Scientific Publication

How local gender norms and intra-household dynamics shape women’s demand for laborsaving technologies: insights from maize-based livelihoods in Ethiopia and Kenya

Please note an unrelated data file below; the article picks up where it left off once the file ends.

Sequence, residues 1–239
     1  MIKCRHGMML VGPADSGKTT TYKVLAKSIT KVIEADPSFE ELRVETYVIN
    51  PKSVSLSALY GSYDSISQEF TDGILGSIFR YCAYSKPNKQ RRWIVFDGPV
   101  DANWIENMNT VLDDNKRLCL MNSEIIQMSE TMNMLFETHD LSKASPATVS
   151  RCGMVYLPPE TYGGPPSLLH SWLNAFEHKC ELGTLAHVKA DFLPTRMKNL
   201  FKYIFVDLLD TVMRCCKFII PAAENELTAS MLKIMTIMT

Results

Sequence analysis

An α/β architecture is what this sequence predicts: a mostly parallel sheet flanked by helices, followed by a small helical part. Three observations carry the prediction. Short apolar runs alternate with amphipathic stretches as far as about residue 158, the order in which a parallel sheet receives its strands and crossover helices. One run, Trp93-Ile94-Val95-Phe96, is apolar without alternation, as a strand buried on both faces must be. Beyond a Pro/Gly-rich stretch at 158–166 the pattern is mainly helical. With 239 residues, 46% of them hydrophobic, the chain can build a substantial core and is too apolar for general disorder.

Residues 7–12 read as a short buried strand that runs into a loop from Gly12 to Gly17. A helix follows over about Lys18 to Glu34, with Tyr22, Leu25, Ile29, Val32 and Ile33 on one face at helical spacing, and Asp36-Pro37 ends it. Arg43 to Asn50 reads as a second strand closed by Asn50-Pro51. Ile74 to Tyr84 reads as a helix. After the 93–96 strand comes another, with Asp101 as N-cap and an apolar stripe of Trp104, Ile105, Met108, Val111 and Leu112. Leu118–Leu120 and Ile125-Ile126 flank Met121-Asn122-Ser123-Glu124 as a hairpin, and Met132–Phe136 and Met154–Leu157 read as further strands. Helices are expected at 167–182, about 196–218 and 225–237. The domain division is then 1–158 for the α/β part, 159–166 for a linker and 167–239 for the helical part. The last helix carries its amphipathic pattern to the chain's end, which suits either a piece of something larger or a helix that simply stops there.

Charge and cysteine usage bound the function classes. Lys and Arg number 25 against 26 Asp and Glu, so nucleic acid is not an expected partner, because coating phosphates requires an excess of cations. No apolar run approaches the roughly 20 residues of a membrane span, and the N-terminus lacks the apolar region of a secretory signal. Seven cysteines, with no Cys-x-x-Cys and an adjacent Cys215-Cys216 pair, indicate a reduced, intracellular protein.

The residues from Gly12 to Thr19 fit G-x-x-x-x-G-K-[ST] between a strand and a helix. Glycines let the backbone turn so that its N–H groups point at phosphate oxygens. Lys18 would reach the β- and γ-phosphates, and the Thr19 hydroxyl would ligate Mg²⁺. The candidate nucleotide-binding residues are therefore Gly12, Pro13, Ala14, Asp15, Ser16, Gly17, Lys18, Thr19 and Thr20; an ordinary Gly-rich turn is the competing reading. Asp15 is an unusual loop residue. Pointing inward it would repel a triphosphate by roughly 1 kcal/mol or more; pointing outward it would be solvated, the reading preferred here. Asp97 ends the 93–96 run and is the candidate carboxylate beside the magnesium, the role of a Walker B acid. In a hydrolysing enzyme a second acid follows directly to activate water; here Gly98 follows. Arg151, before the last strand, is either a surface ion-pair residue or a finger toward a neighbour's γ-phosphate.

Where agriculture relies heavily on physical labor, small-scale mechanization can reduce labor constraints and contribute to higher yields and food security. Then, how to explain weak demand articulation for and adoption of small-scale mechanization, despite high labor burden? This study examines how intra-household gender dynamics affect women’s articulation of demand for and adoption of laborsaving technologies in maize-based systems in Ethiopia and Kenya. Using gender as a relational concept, and differentiating between different types of households, the analysis pulls together key underlying dimensions that shape women’s demand-articulation for small-scale mechanization. First, women’s labor often go unrecognized, and women typically are expected to work hard and not voice their concerns. Second, women generally lack access to and control over a range of resources, including land, income, and extension services. Third, the gender division of labor exacerbates this as women’s time poverty negatively affects their access to resources and information. Finally, decisions are primarily seen as men's domain, and women are often excluded. Our study contributes to the literature by offering a conceptual approach and methodology for the analysis of gender dynamics in relation to demand articulation and adoption of laborsaving technologies.